Ministers aim to placate critics with move to lift grant threshold

July 18, 2003

The government has increased the family earnings threshold that will entitle students to the new £1,000 maintenance grant after admitting its original plans would have deprived too many students of financial help.

Higher education minister Alan Johnson told Parliament this week that students would be entitled to the full grant from next year if their families earned £15,200 or less, rather than the £10,000 announced in the higher education white paper in January. He said it would ensure that 30 per cent of students in England and Wales could benefit from the full grant.

Education secretary Charles Clarke was accused in February of causing "utter confusion" when he announced that the £10,000 threshold would have to be changed in the face of "more up-to-date data" on family incomes.

The THES revealed that just 7 per cent of families with a child approaching university age would qualify for the full grant under the plans.

Mr Johnson this week confirmed in a written parliamentary answer that the upper income threshold for the full grant would be £15,200 and that students with family incomes of between £15,201 and £21,185 would get a partial grant through a so-called taper scheme. The change will be funded from the existing Department for Education and Skills financial settlement, as the government had budgeted for 30 per cent of students getting the full grant.

Chris Weavers, vice-president of the National Union of Students, said: "We welcome the increase, but our policy is that students should be entitled to a £5,000 grant, so £1,000 is nowhere near close enough to really help poorer students."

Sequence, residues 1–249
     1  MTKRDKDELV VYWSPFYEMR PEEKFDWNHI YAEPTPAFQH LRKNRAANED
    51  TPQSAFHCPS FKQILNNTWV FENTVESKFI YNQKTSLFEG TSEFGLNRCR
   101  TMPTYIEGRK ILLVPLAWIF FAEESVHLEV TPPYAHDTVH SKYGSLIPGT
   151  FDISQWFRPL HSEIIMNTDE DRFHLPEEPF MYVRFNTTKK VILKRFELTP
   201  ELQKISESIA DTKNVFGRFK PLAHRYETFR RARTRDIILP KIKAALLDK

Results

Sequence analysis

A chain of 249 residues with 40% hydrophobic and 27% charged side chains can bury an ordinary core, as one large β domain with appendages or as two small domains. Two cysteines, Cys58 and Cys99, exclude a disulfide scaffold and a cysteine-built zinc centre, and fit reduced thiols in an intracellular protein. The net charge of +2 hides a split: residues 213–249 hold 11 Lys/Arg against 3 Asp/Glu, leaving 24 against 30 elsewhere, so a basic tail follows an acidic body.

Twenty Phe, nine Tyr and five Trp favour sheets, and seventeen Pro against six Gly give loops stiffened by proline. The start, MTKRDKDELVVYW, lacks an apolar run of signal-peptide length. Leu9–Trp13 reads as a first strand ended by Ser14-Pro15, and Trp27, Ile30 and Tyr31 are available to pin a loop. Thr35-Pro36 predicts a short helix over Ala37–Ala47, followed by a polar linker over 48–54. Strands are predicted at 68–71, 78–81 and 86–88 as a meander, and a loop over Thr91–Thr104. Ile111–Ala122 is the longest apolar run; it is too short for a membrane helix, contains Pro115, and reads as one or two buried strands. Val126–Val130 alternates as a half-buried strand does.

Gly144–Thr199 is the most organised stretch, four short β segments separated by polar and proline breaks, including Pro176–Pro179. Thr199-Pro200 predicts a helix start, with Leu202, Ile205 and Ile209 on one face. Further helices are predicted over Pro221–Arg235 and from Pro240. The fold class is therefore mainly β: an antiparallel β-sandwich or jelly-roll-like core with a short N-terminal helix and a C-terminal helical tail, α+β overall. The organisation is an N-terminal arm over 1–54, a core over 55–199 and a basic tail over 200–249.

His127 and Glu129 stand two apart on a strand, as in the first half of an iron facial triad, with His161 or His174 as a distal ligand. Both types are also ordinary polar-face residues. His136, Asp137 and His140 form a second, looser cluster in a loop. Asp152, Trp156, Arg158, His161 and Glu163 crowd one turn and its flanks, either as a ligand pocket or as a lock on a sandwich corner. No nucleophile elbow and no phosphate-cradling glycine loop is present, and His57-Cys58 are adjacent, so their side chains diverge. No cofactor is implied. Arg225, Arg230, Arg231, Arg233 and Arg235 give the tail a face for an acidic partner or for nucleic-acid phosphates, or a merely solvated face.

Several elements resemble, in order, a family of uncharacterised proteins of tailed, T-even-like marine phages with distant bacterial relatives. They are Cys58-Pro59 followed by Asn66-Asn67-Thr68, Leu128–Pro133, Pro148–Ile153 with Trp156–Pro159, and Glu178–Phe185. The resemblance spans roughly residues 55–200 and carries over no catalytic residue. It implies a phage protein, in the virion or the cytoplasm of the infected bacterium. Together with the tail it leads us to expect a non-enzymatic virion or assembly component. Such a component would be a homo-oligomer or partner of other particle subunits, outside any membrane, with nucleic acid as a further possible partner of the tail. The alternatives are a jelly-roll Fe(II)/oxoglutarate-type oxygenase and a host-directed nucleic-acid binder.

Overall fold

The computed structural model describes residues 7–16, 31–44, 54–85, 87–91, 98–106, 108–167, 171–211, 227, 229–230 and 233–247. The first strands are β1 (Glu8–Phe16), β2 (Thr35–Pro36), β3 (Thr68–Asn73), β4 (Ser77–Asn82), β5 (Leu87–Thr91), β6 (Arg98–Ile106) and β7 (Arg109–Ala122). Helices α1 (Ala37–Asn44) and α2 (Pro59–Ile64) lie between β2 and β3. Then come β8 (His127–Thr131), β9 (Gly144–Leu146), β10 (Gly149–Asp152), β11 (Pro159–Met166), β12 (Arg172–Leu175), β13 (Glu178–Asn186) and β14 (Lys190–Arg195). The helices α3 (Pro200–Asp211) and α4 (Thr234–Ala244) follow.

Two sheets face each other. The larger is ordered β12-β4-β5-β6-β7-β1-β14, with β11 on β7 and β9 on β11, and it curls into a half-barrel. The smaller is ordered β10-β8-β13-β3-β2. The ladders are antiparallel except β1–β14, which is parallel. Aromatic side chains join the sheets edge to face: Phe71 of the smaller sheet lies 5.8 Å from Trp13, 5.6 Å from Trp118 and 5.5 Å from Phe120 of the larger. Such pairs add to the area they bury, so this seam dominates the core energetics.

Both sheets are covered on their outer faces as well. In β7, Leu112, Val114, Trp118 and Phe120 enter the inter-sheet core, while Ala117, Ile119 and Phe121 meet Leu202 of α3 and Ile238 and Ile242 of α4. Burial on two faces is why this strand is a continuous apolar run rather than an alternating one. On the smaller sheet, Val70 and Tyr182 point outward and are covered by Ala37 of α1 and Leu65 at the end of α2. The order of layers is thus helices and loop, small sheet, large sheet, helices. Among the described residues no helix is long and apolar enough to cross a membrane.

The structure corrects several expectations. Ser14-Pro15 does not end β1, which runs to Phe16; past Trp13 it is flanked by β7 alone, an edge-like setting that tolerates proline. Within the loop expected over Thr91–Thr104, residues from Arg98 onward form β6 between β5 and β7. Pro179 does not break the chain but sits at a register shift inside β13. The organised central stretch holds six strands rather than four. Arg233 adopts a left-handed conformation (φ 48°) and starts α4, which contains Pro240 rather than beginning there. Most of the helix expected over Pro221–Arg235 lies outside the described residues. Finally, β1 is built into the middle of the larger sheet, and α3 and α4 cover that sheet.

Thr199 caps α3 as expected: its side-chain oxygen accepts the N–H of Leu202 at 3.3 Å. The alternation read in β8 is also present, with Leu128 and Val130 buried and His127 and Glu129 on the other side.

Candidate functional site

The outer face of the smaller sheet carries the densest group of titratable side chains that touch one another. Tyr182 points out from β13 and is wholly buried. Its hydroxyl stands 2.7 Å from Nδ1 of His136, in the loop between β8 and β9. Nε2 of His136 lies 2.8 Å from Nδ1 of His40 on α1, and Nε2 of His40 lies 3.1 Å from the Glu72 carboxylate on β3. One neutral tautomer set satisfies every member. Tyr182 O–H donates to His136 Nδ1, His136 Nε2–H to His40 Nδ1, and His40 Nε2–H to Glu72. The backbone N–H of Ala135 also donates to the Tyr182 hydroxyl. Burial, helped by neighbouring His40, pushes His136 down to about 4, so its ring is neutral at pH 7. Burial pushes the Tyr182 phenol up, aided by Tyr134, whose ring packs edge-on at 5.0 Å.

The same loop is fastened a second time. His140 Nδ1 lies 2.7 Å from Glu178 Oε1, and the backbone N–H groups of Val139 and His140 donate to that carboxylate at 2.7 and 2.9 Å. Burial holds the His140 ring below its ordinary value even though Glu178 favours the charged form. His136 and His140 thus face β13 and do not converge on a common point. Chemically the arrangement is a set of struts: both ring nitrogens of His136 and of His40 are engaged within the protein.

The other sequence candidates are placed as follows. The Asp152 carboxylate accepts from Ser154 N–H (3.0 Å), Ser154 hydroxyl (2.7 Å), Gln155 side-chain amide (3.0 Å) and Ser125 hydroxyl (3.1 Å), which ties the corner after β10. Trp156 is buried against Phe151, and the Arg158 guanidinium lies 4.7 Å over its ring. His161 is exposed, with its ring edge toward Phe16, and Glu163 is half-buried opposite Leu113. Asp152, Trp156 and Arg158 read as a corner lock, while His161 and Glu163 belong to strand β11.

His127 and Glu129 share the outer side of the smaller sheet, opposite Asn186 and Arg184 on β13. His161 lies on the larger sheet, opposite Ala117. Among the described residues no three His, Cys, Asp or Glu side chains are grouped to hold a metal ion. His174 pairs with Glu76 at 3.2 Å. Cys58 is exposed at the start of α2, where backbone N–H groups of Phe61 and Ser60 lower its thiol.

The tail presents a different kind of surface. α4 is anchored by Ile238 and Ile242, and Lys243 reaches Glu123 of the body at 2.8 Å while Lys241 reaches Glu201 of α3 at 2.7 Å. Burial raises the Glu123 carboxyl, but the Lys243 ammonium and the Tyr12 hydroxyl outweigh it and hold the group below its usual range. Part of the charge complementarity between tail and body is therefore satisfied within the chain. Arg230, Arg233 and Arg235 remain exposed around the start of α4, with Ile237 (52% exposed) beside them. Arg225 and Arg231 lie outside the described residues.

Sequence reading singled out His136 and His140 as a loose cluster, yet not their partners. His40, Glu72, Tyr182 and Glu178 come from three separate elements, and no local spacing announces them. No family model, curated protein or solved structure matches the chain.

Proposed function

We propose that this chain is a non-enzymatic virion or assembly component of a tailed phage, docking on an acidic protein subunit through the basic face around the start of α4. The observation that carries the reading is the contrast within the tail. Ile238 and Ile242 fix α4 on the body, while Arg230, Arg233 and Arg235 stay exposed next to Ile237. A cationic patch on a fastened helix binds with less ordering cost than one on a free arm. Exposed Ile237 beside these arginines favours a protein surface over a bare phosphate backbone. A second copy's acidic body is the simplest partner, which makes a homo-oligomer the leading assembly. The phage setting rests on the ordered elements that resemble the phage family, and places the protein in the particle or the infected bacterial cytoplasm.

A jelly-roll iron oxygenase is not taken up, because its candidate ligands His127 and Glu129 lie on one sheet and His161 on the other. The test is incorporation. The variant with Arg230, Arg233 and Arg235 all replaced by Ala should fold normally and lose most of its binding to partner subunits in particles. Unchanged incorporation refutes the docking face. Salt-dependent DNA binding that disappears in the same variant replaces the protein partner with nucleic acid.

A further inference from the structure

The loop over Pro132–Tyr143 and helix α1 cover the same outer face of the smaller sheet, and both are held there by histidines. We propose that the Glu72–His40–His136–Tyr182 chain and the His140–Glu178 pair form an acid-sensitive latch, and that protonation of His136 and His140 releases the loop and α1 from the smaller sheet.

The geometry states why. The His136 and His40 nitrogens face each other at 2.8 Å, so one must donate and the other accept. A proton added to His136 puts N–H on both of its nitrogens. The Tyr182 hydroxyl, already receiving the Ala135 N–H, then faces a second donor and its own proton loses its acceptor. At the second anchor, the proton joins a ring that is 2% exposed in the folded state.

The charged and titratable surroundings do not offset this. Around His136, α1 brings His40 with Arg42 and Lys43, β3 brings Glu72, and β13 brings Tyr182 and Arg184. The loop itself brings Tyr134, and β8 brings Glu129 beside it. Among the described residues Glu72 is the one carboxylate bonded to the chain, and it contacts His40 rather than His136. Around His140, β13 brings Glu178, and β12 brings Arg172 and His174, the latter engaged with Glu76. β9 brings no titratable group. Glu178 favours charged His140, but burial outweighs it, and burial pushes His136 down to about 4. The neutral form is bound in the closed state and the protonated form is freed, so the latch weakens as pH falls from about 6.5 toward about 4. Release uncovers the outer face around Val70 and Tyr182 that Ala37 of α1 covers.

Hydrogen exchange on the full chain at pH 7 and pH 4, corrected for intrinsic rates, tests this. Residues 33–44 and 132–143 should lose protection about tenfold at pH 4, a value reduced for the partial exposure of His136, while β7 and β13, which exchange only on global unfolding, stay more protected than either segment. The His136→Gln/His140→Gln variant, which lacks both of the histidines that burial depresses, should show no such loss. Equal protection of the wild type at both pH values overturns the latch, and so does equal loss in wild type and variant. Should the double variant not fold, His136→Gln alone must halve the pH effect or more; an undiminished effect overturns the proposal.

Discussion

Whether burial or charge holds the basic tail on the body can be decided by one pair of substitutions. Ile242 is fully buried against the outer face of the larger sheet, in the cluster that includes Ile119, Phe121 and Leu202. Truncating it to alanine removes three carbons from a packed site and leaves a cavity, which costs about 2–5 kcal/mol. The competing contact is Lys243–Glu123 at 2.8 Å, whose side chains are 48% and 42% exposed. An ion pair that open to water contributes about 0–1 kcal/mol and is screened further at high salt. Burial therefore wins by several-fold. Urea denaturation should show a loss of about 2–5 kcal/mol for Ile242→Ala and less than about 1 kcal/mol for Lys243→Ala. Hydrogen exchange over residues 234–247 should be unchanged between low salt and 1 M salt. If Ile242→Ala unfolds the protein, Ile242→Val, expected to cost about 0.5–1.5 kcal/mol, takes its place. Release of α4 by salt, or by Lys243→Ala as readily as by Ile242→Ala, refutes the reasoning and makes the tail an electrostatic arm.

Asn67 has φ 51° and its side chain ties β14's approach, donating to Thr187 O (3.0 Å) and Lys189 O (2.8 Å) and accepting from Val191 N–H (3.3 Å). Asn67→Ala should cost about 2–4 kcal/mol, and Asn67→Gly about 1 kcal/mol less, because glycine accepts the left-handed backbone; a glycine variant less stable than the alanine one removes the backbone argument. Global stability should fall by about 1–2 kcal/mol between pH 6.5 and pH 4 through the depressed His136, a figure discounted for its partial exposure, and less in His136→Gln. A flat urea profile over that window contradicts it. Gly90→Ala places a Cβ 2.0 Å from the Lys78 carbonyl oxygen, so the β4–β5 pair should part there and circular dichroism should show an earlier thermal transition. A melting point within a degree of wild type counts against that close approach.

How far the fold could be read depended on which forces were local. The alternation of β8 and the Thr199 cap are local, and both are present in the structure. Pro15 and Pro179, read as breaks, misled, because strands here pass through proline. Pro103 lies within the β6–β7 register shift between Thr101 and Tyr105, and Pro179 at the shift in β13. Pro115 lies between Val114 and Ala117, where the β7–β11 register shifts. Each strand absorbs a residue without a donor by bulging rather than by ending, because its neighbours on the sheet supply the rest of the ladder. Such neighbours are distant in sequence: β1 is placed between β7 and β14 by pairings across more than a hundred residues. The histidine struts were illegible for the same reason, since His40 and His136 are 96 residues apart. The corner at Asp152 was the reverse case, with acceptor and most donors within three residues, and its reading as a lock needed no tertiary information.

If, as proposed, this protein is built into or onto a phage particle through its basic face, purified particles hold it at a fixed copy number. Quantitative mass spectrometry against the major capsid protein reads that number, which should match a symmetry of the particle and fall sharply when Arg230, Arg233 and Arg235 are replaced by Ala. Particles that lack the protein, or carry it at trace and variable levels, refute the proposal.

Mr Johnson also announced details of the first-ever grant package for part-time students. Those from families earning up to £14,600, studying at least the equivalent of half of a full-time course, will be entitled to about £575 towards tuition fees from next year, capped at the equivalent of half the full-time tuition fee of £1,150. They will also be entitled to a grant of £250 towards course costs.

• The government is clearly set on awarding university titles to teaching-only universities despite widespread opposition in the academic community, writes Pat Leon.

In his first public speech as new higher education minister, at the awards ceremony for the 2003 National Teaching Fellowships in London, Alan Johnson said the most radical reform outlined in January's white paper was the change in the criteria for becoming a university to enable institutions with little or no research base to apply.

 

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